Tadpole’s Promise – horrific or hilarious?

Tadpole’s Promise by Jeanne Willis, illustrated by Tony Ross (Andersen, 2005)

Now here’s an odd one. Fils aîné loves this book and so, apparently, do a lot of other people – it won the Smarties Book Prize silver award, was longlisted for the Kate Greenaway Medal and has heaps of positive reviews from parents and teachers alike. The landscape format of the book is unusual with one page representing the water and the other the sky, and the back cover blurb featured a Sunday Times review:

“Breaks the mould in form as well as content. “

When we borrowed Tadpole’s Promise  from the library a while ago, we knew nothing about it beforehand, yet it left mon mari and me distinctly unsettled. We found ourselves reluctant to read it again, the book was returned to the library and we forgot about it for a while. Then, the other day, the boy came home from school and announced apropos of nothing: “we read that Tadpole’s Promise book on the white board in assembly.” I said, “oh, I didn’t like that book, it was sad,” and got the reply “no it’s not, it’s funny!”

Now, how to explain why without spoilers?

A tadpole and a caterpillar fall in love and make each other a rash promise that they will never change – of course this is a vow that cannot be kept. The tadpole keeps changing, much to the caterpillar’s chagrin. But the ending! Is this a children’s book or a Greek tragedy? I know nature’s red in tooth and claw and all that, and I can see that it could be a welcome antidote to too much saccharine writing for children but… I don’t know whether fils aîné has understood what it’s really about, or whether he’s just the target audience to appreciate that kind of humour. I don’t know whether mari and I are over-thinking, sentimentalising, anthropomorphising too much. Is it hilarious or horrific? I just don’t know.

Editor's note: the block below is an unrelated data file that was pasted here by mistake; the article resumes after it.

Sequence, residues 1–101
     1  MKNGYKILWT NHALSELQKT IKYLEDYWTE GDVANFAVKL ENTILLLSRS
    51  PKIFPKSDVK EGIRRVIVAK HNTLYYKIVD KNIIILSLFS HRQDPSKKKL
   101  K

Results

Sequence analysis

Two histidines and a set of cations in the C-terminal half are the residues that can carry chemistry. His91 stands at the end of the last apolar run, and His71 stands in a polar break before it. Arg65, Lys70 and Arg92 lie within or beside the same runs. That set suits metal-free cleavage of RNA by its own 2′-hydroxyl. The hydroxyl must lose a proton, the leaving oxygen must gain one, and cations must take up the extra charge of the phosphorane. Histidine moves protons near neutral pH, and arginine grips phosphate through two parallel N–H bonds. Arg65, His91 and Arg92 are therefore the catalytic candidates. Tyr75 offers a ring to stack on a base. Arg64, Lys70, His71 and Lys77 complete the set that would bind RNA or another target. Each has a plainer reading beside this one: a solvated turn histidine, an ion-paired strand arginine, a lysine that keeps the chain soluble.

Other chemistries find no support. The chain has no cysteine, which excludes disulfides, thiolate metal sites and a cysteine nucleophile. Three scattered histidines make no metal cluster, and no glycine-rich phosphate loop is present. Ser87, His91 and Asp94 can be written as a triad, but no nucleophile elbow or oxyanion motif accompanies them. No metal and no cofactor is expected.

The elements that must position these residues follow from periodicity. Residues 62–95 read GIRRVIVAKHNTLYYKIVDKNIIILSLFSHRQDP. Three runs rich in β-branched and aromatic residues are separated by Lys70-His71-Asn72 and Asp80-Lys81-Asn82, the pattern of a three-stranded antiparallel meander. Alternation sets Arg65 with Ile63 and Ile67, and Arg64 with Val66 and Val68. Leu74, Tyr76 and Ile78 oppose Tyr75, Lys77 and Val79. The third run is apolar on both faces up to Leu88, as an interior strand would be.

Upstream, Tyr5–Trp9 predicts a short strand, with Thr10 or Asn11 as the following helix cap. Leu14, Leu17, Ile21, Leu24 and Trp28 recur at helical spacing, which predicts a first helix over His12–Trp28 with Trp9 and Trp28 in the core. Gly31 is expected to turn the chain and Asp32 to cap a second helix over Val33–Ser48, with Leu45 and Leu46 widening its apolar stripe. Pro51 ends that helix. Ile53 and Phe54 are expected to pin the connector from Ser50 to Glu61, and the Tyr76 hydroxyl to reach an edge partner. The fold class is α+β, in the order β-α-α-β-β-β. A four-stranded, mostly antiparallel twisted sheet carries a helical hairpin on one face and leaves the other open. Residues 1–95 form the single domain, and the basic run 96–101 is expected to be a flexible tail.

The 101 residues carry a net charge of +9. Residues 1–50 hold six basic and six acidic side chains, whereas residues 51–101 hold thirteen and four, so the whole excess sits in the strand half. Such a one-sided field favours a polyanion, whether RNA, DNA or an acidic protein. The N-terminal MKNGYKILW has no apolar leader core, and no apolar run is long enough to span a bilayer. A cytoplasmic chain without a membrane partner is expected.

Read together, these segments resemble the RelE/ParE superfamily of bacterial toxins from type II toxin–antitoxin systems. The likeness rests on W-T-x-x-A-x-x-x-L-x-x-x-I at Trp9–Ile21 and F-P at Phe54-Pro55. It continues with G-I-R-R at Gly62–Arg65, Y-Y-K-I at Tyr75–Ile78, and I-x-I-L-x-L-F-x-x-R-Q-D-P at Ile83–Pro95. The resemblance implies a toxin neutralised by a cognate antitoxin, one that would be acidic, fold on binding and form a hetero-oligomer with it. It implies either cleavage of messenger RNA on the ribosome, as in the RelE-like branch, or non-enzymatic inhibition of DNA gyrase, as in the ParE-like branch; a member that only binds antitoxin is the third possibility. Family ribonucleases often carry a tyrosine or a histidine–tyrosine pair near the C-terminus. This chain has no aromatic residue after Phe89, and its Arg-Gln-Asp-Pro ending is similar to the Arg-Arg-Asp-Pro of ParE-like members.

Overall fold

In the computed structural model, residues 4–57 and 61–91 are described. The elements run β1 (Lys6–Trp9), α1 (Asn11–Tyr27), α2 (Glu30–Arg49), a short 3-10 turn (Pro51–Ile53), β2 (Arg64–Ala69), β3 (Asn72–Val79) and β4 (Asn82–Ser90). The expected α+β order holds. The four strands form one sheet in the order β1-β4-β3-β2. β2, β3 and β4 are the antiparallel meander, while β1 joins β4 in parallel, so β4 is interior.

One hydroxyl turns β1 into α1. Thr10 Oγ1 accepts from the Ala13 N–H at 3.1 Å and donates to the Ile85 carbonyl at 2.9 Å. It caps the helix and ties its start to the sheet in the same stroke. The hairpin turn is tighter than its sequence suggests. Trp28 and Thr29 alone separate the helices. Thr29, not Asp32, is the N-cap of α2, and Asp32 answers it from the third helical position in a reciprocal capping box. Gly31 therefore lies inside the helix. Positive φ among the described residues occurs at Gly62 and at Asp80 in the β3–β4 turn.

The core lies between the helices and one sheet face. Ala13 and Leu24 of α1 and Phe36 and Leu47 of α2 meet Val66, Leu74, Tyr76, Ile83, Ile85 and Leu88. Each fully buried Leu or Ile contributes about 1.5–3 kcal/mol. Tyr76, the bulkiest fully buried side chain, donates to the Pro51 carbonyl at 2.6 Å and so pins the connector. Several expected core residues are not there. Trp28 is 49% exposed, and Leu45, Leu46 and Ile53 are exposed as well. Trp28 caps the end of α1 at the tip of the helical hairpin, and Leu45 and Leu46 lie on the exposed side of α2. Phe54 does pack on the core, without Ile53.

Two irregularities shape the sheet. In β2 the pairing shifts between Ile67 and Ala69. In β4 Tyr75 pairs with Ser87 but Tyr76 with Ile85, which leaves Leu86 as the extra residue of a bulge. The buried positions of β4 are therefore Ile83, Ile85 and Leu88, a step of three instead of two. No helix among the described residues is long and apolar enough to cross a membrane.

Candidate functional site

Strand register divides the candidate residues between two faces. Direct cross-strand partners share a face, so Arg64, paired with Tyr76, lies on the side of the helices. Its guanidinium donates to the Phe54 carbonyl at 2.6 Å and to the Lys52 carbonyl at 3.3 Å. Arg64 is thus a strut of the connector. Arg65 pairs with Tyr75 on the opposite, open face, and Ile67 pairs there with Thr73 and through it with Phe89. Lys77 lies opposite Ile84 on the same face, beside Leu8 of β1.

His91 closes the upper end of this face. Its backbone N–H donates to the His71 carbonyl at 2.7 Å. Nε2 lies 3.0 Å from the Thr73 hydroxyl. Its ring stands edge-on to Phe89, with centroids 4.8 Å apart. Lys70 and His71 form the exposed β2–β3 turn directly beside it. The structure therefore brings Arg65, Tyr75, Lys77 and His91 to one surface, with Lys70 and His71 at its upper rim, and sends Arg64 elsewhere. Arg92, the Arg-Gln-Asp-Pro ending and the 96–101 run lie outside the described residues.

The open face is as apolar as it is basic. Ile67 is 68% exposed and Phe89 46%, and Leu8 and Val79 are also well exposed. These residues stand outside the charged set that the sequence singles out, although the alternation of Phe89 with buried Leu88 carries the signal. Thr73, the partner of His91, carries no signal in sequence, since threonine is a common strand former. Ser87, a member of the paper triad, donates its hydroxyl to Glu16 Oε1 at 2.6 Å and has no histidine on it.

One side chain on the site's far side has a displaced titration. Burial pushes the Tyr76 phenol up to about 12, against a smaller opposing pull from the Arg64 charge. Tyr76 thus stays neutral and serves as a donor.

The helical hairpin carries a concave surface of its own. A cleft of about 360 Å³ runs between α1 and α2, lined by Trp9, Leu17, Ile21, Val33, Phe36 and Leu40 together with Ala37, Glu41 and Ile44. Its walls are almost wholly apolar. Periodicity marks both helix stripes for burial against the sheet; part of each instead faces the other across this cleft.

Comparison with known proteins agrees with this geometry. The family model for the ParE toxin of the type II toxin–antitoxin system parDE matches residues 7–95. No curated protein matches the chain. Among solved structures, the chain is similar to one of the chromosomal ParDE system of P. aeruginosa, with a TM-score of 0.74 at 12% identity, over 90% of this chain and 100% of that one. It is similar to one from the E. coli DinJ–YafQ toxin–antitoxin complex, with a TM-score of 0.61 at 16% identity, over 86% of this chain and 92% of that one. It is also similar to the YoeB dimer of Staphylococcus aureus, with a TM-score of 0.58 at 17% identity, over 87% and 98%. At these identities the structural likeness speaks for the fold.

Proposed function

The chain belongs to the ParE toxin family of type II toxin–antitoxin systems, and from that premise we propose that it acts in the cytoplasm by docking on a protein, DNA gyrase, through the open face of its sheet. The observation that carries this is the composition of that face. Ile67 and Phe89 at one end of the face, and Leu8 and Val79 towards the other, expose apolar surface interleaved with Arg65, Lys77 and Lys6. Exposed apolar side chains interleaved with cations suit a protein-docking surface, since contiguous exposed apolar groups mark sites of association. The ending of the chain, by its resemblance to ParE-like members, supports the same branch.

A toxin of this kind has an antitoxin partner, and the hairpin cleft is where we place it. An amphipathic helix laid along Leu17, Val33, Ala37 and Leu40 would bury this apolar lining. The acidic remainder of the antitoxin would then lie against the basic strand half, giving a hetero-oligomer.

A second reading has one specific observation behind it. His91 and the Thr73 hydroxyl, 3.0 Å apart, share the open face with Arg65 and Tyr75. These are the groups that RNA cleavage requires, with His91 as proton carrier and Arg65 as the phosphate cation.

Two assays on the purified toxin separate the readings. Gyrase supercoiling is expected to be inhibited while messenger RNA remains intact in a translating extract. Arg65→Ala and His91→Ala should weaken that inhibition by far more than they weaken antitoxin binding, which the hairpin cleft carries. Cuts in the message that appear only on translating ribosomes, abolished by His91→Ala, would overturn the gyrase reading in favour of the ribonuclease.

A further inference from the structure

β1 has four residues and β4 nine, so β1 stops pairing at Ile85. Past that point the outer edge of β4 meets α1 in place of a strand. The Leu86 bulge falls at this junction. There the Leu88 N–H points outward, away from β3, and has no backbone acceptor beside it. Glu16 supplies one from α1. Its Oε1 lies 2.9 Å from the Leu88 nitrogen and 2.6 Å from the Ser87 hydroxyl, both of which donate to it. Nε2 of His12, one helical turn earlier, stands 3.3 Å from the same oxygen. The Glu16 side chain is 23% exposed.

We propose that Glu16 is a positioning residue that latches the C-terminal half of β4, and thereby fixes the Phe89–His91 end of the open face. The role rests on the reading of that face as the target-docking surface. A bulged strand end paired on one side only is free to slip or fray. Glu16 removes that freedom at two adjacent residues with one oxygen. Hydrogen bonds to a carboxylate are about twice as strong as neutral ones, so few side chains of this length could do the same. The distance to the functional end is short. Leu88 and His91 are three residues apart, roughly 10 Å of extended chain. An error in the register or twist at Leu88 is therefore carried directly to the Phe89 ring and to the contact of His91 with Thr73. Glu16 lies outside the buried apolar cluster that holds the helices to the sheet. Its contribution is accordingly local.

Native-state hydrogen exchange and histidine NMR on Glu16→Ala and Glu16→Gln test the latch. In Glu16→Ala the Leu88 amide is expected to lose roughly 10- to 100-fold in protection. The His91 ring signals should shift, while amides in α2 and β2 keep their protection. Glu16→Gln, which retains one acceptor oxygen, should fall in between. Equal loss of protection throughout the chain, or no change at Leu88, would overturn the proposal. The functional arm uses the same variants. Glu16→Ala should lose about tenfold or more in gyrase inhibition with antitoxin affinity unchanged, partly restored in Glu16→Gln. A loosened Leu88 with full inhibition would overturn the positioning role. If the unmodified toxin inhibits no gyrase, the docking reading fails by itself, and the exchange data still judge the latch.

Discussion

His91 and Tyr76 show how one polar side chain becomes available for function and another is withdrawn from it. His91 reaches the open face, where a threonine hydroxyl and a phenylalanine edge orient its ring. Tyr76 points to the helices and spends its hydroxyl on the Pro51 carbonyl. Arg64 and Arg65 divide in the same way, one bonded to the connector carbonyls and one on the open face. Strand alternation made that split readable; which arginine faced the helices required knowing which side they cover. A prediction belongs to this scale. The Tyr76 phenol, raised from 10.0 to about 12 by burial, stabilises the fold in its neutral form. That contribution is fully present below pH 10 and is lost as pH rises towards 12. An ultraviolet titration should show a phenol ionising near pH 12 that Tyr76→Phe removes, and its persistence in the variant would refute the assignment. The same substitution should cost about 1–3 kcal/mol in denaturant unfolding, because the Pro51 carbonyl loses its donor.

Have you read it? If so, what did you think? If not, and you’re thinking about reading it to your child(ren) make sure you’ve read it first to try to gauge their reaction!

About forwardtranslations

I'm a freelance literary translator from German and French to English. The title of my blog comes from Mary Schmich's description of reading: it struck home with me, and seems especially apt for translated fiction. Here are some of my musings on what I'm reading, re-reading, reading to my children, and translating.
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5 Responses to Tadpole’s Promise – horrific or hilarious?

  1. I haven’t read it but I’ve got the idea that someone eats the other one at the end? Somehow I don’t think my daughters would like it, not if the start of the story is about love between the two. But then what my daughters find upsetting, other children do find funny… Apart from different reactions from children with different personnalities I wonder what the ‘morale’ of the story is ?!

  2. Treebee says:

    I borrowed this from the library and have just read it. I was going to try it out on my 2 year old grandson, but won’t now.
    It’s quite disturbing , isn’t it? The illustration is from the natural world and some creatures change and also eat each other.
    But they don’t fall in love, as far as we know, and certainly don’t promise never to change.
    I think it’s the anthropomorphism that mars the story for me.
    There may be circumstances where this book could be helpful, if a child has gone through some trauma and needs to understand that s**t happens.

  3. rena k. says:

    I was highly upset when I read the story back when I was 15 or so and almost cried. My mother thought it was funny though. Perhaps it just doesn’t have the same impact on people. Nevertheless, I do not dislike this book.

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